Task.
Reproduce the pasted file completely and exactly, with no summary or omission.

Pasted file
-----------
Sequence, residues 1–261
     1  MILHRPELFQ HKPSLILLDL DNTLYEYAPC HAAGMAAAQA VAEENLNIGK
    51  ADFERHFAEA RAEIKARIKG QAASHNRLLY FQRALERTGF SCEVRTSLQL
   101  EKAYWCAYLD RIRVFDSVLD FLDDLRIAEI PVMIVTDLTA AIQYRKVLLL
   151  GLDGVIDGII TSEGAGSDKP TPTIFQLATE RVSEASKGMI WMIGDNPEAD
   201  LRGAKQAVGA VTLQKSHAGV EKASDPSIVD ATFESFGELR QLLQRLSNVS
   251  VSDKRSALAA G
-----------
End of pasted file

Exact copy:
Sequence, residues 1–261
     1  MILHRPELFQ HKPSLILLDL DNTLYEYAPC HAAGMAAAQA VAEENLNIGK
    51  ADFERHFAEA RAEIKARIKG QAASHNRLLY FQRALERTGF SCEVRTSLQL
   101  EKAYWCAYLD RIRVFDSVLD FLDDLRIAEI PVMIVTDLTA AIQYRKVLLL
   151  GLDGVIDGII TSEGAGSDKP TPTIFQLATE RVSEASKGMI WMIGDNPEAD
   201  LRGAKQAVGA VTLQKSHAGV EKASDPSIVD ATFESFGELR QLLQRLSNVS
   251  VSDKRSALAA G